The Do’s and Don’ts of Microsoft Project Part 1
By Ivan Lloyd, PMP
I can safely say that Microsoft Project is one of the easier of the tools on the market to use, having spent over 15 years implementing stand-alone and enterprise project scheduling systems working with a broad range of tools. However, this may well go against what many users of Microsoft Project believe!
Why is this? For me, the key factor is the belief that because Microsoft Project is part of the Microsoft Office suite then it should be just like Word. Simply insert a disk, click on the icon, and create your document. But this is clearly not the case. In order to use a scheduling tool, it is essential that Users understand basic scheduling techniques—like critical path analysis (CPA) — in order to make sense of the results produced by the scheduling engine.
I often hear people say: “I entered the information and then Microsoft Project did things to my schedule!” If you have an understanding of scheduling techniques then the reason that Microsoft Project does these ‘things’ will become much clearer. The other significant factor is that, in order to use Microsoft Project effectively, a degree of training in the tool is essential. Many users will have had little or no tool training, on top of having had little or no scheduling training. Combine these two factors and it is little wonder that the system starts to appear complex to users.
Would you expect an accountant to put together your accounts without any training? No! So why are project managers expected to produce quality schedules without the appropriate training? So the first DO is: DO have adequate training. What are the other key do’s and don’ts to using Microsoft Project? The examples are based on Project 2007, but earlier versions are not too dissimilar in what you should and shouldn’t do.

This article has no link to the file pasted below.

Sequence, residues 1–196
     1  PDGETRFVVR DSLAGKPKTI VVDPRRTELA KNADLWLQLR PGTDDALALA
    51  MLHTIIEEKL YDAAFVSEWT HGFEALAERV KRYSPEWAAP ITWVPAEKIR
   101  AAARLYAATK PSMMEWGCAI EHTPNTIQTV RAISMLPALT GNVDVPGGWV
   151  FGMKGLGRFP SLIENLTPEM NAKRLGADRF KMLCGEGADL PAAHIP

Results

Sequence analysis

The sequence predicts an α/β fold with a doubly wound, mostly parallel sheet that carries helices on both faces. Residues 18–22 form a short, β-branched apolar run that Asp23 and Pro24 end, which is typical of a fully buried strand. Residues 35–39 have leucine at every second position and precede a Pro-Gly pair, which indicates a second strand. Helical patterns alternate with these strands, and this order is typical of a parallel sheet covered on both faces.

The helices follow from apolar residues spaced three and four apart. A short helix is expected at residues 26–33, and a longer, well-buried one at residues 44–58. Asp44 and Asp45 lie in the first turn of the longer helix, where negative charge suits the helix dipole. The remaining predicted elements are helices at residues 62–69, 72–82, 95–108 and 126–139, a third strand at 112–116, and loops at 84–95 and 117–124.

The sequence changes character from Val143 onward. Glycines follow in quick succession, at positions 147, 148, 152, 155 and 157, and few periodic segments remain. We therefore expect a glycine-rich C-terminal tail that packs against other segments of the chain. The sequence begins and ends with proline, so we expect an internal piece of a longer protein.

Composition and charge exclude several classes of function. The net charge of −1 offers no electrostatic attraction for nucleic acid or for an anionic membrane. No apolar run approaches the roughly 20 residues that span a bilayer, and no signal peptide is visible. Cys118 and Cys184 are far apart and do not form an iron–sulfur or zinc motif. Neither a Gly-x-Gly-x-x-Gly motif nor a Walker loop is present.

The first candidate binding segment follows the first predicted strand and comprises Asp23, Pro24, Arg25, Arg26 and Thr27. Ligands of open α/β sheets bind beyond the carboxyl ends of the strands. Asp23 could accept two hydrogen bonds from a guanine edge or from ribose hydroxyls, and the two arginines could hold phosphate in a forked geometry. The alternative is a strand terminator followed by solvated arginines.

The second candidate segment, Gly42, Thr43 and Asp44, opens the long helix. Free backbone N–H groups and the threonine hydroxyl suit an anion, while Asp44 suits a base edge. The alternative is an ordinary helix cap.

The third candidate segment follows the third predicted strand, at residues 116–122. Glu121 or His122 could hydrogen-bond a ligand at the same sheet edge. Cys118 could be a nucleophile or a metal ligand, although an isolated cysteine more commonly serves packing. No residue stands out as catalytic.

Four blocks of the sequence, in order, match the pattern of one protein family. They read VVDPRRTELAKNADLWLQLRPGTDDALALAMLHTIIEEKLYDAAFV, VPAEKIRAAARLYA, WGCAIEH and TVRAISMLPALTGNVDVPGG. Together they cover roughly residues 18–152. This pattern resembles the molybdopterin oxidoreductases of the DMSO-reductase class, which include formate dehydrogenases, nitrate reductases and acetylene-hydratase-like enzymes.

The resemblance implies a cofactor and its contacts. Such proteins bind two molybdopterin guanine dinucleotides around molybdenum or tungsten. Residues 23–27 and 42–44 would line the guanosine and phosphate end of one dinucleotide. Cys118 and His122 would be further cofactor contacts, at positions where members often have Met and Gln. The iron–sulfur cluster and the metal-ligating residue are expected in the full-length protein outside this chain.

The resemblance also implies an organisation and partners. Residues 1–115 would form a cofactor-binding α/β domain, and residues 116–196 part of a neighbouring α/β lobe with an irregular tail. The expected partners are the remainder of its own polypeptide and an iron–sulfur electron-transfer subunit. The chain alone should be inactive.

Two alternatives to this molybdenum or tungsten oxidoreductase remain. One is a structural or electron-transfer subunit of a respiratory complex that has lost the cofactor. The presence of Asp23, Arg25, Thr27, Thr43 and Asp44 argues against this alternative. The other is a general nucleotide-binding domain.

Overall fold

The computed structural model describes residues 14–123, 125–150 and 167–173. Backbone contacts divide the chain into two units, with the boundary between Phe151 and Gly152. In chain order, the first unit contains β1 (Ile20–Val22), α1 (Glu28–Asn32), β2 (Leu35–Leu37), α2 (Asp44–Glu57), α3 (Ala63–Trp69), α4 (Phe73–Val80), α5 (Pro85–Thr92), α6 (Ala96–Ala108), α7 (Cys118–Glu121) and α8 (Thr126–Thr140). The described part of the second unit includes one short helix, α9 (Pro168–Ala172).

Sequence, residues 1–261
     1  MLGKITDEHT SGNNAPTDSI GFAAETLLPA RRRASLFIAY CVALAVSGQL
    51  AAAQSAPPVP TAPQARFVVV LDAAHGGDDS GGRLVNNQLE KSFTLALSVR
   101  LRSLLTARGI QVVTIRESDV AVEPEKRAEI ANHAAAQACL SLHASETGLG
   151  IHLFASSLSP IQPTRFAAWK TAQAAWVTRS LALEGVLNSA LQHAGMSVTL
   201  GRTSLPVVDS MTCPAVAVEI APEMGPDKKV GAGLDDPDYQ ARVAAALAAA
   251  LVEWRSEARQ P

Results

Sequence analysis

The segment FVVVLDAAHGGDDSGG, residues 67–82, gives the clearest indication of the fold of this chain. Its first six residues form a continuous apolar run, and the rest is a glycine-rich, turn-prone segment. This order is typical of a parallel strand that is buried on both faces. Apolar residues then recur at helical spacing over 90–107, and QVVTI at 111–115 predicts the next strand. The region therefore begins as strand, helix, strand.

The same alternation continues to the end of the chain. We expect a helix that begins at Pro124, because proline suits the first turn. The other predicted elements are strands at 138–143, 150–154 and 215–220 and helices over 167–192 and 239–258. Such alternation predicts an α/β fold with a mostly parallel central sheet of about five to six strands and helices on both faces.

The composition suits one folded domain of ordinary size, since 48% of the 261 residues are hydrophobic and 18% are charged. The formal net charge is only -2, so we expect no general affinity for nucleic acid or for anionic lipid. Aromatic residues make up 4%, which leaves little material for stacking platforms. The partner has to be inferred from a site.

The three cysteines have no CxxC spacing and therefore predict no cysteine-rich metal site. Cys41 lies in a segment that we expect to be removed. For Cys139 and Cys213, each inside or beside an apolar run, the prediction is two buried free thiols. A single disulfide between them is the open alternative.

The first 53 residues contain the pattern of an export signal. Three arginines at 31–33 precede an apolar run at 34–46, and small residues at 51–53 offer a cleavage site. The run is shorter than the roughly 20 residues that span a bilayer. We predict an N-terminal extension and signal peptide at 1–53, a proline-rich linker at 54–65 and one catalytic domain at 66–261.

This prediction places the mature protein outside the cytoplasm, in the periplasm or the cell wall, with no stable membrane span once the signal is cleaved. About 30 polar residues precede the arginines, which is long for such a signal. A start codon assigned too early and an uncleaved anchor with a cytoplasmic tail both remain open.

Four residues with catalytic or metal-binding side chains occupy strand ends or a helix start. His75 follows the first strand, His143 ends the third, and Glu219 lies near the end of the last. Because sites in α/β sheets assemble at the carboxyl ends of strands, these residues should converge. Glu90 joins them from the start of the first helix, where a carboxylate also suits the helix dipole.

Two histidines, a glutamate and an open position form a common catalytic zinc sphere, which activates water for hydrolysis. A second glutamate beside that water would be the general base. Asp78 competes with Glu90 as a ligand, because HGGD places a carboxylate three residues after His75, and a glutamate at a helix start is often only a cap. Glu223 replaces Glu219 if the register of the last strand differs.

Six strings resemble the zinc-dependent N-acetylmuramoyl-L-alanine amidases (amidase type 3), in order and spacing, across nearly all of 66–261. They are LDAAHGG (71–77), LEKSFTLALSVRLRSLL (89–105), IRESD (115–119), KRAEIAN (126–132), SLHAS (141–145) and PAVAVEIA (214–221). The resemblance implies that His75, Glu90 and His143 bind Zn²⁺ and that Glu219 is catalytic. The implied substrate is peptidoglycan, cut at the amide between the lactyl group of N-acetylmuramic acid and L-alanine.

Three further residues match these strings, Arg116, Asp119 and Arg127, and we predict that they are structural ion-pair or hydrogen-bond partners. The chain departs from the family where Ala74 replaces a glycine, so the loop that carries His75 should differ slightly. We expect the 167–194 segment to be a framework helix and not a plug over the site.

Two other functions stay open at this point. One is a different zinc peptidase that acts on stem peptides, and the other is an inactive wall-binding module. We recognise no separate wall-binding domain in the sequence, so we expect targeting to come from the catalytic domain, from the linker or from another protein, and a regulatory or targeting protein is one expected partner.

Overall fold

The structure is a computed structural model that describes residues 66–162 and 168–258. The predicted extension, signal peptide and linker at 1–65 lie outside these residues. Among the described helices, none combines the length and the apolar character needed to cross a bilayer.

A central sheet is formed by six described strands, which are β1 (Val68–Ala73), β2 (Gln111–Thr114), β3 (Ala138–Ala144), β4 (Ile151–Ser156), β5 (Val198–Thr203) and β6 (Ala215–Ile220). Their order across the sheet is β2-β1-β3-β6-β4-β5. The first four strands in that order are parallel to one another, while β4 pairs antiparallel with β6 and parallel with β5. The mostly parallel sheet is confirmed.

Over the next few months ProjectPro eNews will be publishing extracts form Ivan’s article which first appeared in Project Manager Today magazine.
o Do … Use a Template
The ideal way to start a new schedule is to start from a template you have created based on previous experience. The template can include elements such as key milestones and phases, the project summary line, and default task type.
o Do … Display the Project Summary
Use the following menu – Tools| Options| View tab| Show project summary task – display the project summary for your project on line 0. (I have no idea why the default is not to display this!) It’s all too common to see users creating their own project summary bar when they are a few clicks away from doing it.
o Don’t … Link Summaries
This is bad planning practice. Dependencies should be placed at the lowest level of your network. If you have two phases in your schedule that are dependent on each other, then link a finish milestone from the end of one phase to a start milestone at the start of the next phase. Using dependencies at both summary and task level will easily lead to confusion.
We will have more Do’s and Don’ts in our next issue.
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